Wool Winter Sleigh
By Vicki McCarty, Calico Patch Designs
15” x 12”
How fun would it be to take a horse drawn ride in a fresh snow? Imagine breathing brisk, cool air while snuggled under a warm quilt. There is just something exciting about this nostalgic scene captured on my fun penny rug made from Marcus Fabric wool.
Get all the fabrics, hand selected by Vicki! Visit Calico Patch to buy the kit today!
Requirements based on 42” usable width of fabric.
Refer to the photograph for ideas of selecting the wool and embellishments.
I use wool for all the pieces except the backing, which is homespun.
Oatmeal wool for background- 13” x 16”
Blue wool for sleigh- 6″ x 8″
Red wool for seat cushion & pennies- 6″ x 9″
White wool for snow, flower & blanket- 6″ x 11″
Green wool for leaves- 2″ x 2″
Black wool for pennies- 12″ x 16″
Homespun for backing- Fat Quarter
24 white seed beads
4 gold seed beads
10 black seed beads
Green, black, white, red, & blue 12 wt. perle cotton threads to match the wool (I use Valdani)
Fusible web (I use Lite Steam-A-Seam 2)
Lightweight tear-away stabilizer (I use Sulky Tear Easy Stabilizer)
Applique pressing sheet
Tailor’s Chalk (Optional)
The Hole Thing by Creative Grids (Optional)
Appliques- Download applique patterns
Oatmeal wool – 13” x 16”
From the Homespun- 14” x 17”
The applique patterns are reversed so they can be traced on the paper side of the fusible web. Leave ½” between the applique pieces. Cut out the pieces with a ¼” margin all around.
Iron the fusible web on the wrong side of the wool.
Cut the pieces on the drawn lines.
Place an applique pressing sheet over the placement pattern. Use the lines showing through the pressing sheet for piece placement.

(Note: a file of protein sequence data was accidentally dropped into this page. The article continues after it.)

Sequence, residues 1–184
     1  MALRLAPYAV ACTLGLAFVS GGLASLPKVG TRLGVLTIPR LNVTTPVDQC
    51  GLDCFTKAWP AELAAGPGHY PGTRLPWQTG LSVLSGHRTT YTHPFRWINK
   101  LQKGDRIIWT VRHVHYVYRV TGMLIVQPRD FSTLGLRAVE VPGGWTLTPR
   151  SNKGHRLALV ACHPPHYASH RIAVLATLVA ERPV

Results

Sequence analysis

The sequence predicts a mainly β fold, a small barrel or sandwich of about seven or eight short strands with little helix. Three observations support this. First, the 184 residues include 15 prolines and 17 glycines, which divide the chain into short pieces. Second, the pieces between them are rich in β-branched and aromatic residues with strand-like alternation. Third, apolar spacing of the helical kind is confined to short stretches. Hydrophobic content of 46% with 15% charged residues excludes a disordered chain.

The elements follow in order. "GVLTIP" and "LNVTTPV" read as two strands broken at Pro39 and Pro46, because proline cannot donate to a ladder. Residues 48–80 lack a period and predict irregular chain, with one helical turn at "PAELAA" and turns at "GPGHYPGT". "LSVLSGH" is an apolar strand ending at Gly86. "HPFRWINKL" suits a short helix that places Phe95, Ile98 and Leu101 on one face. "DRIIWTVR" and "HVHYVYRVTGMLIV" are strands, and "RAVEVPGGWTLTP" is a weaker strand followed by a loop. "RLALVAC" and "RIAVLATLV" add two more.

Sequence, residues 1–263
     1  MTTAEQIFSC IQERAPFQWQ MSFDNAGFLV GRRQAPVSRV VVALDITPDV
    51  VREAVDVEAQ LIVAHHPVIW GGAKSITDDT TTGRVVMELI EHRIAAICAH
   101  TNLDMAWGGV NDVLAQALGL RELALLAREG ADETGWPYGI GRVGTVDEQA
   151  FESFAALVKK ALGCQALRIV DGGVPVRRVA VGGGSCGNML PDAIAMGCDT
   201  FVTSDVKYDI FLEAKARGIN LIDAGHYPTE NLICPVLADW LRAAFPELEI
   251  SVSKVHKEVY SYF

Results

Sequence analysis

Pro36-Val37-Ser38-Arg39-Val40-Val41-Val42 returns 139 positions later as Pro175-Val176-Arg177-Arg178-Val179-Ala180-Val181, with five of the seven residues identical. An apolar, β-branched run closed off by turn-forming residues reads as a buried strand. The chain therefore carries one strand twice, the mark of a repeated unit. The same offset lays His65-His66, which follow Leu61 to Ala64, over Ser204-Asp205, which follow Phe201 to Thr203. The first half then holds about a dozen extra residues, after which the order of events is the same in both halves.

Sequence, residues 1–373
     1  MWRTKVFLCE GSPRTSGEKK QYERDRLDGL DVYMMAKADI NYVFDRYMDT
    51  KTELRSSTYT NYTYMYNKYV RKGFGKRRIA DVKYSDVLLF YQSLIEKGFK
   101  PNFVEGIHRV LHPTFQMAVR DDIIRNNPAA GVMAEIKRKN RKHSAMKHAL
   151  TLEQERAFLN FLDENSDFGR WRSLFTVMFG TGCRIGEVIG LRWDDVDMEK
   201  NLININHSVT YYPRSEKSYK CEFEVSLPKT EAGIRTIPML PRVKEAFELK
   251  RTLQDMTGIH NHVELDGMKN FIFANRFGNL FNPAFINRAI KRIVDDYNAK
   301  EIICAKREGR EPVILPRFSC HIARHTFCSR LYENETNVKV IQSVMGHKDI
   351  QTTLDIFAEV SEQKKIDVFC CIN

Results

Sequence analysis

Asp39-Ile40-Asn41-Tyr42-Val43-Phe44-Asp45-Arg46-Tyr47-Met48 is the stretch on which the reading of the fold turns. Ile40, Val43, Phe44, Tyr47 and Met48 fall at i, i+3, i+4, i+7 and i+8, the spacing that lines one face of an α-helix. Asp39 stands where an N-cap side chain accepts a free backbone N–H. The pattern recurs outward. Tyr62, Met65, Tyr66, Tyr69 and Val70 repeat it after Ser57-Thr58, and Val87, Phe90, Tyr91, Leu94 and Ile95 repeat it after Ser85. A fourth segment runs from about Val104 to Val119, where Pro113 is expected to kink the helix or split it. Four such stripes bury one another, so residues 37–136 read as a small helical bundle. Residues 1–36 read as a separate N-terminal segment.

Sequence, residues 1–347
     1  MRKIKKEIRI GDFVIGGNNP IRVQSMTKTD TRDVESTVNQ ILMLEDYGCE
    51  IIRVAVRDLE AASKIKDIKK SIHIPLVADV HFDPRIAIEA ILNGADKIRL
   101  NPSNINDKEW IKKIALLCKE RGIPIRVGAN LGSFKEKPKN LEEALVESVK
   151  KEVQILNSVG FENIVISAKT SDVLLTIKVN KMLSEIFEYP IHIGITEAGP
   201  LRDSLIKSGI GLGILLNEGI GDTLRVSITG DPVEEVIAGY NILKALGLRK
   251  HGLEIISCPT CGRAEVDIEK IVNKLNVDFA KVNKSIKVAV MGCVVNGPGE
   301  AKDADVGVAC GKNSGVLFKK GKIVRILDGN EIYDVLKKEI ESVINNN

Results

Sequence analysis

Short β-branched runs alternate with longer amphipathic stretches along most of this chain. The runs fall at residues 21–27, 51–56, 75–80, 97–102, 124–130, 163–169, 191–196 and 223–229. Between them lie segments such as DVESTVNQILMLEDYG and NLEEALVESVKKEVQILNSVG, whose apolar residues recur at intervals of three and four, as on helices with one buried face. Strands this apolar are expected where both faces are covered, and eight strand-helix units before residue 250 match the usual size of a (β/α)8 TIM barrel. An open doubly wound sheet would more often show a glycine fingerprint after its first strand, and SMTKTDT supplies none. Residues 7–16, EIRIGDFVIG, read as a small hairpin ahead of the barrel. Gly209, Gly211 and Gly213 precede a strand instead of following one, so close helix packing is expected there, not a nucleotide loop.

Remove the paper backing from piece 1 and place it in the appropriate position. Press to fuse to the pressing sheet.
Continue fusing the pieces in numerical order on the pressing sheet.
Allow the pieces to cool and then peel the applique off the pressing sheet as one piece.
Place the applique in the center of the wool background and press to fuse.
Since wool appliques are thicker than cotton appliques, press from the back side to make sure it fuses.
Stitch the applique down using a blanket stitch and matching 12 wt perle cotton threads.
I added a little detail by using black thread on the red seat cushion. This helps the other embellishments stand out later in the project.
The blue lines on the placement pattern are for embroidery. Trace the blue lines on tear-away stabilizer. Pin the stabilizer over the applique and stitch a tight outline stitch. I used green thread for the detail on the sleigh and black thread for the runners (skis). The tight stitch will perforate the stabilizer making it easy to remove. I just made one stitch up and one stitch across to make the diamond tuck look on the seat.
Next make an oval template using the Oval Pattern. Cut a 16” square piece of freezer paper. Find the center by drawing a line 8” from edge left to right and 8” from edge top to bottom (shiny side down). Place the freezer paper on the Oval Pattern with the center and lines matching the angle and lines on the pattern. Trace the arc from one line to the other. With shiny side up, fold the freezer paper in half from left to right and then fold again top to bottom. Cut through all four layers on the arc line you drew. Unfold the freezer paper and the center is your oval template.